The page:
“Charity is a cold, grey, loveless thing. If a rich man wants to help the poor, he should pay his taxes gladly, not dole out money at whim.” Clement Attlee wrote that in 1920. As British prime minister after World War Two, Attlee turned thought into policy. The welfare state that he helped create has decimated private charities for the poor.
It’s much the same in all rich countries. Governments now take the prime responsibility for the care of the poor. Even in the United States, where the charitable (voluntary) sector is relatively large – twice as high a share of GDP as in the UK, according to the charity Philanthropy UK – the share of GDP taken by federal and state welfare programmes, as measured by the OECD, is 10 times higher.
But Attlee’s judgment has been proved wrong. If organised charity was cold, the carefully calibrated payments and entitlements of the welfare state are icy. The welfare state has many aspects but in terms of the alleviation of misery it has not worked as intended. The decline of hunger and voluntary homelessness – and the spread of electricity, telephones and the like – might suggest otherwise. But the increase in overall prosperity and the establishment of the principle of a “living wage”, rather than the mechanisms of government entitlements, have wrought these changes.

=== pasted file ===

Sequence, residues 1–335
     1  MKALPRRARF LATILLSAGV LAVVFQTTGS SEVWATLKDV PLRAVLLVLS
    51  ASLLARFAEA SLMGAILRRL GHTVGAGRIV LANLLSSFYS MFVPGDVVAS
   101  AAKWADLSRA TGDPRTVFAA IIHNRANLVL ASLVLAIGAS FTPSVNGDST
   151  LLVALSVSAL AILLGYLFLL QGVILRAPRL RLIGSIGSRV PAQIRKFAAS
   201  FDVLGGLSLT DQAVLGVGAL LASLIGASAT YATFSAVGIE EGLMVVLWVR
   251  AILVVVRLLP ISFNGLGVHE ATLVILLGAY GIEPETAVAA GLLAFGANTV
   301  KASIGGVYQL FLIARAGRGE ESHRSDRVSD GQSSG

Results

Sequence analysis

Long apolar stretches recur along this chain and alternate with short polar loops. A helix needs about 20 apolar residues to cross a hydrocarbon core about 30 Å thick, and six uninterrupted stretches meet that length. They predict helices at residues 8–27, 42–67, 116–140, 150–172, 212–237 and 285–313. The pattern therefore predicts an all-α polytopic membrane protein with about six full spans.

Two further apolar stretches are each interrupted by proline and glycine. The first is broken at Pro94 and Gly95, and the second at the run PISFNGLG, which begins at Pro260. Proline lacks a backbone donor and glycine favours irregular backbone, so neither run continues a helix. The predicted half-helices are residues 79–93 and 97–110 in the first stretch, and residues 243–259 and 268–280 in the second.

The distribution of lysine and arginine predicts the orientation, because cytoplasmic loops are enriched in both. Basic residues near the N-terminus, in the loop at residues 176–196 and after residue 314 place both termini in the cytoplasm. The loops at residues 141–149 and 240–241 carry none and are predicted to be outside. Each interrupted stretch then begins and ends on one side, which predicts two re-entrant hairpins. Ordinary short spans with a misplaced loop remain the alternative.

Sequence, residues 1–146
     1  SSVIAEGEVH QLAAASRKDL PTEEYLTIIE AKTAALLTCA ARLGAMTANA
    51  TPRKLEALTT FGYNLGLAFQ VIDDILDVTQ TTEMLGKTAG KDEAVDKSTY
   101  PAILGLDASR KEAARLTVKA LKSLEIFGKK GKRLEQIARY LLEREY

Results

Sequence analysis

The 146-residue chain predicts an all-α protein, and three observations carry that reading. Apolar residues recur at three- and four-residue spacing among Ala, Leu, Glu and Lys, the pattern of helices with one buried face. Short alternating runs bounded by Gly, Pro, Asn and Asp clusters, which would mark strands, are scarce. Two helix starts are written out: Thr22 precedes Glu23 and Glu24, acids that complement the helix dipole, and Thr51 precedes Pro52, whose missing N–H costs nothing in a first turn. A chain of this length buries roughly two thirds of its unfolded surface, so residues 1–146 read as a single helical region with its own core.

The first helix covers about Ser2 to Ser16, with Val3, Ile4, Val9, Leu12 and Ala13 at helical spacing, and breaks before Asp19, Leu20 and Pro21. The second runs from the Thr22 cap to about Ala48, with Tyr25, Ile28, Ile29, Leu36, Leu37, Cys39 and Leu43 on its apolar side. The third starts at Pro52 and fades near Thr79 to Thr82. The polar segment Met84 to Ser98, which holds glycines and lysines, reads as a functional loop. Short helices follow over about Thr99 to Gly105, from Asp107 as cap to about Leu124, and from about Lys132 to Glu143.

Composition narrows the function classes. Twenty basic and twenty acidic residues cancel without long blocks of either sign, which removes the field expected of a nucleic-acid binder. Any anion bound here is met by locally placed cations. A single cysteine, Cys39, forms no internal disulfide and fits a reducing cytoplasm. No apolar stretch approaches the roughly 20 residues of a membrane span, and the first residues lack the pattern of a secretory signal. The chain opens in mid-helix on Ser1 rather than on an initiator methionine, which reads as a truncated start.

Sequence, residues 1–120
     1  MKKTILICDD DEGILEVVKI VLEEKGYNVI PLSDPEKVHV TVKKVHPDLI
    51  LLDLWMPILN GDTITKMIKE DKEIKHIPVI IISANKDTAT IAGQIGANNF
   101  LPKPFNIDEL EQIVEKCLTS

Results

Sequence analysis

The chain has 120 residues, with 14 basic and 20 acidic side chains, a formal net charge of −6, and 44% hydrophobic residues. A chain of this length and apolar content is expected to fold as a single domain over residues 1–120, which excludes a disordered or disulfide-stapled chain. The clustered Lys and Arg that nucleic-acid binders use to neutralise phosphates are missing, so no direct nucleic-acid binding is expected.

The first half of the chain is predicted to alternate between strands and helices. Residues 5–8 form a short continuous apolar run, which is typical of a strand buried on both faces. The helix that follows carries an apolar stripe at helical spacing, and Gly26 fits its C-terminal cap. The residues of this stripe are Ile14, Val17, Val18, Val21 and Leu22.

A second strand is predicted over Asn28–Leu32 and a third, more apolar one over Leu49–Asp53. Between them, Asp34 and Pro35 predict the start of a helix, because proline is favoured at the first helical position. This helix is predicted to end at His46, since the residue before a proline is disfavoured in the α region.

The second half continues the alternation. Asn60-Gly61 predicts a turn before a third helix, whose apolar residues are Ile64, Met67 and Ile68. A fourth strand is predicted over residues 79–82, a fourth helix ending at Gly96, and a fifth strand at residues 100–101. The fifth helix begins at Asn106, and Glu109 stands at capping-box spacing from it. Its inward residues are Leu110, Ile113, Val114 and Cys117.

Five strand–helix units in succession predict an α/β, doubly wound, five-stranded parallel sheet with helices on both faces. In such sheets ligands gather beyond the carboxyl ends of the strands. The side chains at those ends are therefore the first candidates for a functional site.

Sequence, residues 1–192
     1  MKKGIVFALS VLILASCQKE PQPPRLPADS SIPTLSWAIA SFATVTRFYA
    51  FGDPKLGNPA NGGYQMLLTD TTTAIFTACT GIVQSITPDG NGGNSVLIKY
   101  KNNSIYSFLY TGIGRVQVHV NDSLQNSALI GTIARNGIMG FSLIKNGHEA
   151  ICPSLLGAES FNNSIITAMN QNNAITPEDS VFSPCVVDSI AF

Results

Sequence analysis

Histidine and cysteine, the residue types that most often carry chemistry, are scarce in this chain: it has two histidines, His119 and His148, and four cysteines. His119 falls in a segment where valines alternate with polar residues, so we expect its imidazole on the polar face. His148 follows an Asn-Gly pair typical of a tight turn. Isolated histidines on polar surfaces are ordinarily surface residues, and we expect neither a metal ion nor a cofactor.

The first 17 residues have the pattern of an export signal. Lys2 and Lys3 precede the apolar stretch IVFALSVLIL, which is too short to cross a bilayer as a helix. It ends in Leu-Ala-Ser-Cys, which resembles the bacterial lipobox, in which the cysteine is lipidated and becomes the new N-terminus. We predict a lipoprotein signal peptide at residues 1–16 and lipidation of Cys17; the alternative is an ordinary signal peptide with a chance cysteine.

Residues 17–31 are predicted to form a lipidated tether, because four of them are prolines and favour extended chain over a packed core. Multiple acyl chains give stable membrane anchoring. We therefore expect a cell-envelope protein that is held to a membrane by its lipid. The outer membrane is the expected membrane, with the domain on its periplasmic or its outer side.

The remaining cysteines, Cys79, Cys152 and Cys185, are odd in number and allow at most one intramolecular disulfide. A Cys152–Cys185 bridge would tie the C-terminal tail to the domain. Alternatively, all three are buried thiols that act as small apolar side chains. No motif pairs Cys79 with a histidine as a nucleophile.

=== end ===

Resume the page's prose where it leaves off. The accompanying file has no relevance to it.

In any case, Attlee and his allies thought the welfare state could do much more than merely keep wolves from doors. They thought it could destroy what Oscar Lewis would later call the “culture of poverty”. The anthropologist talked of “a strong feeling of marginality, of helplessness, of dependency, of not belonging”.
But while the decline of proletariat and peasantry has reduced the proportion of the population of rich countries who live in that culture of poverty, the welfare state has tended to increase both the marginality and the dependency of those who do. They live in their own world, dependent on the government programmes and rewarded for irresponsibility.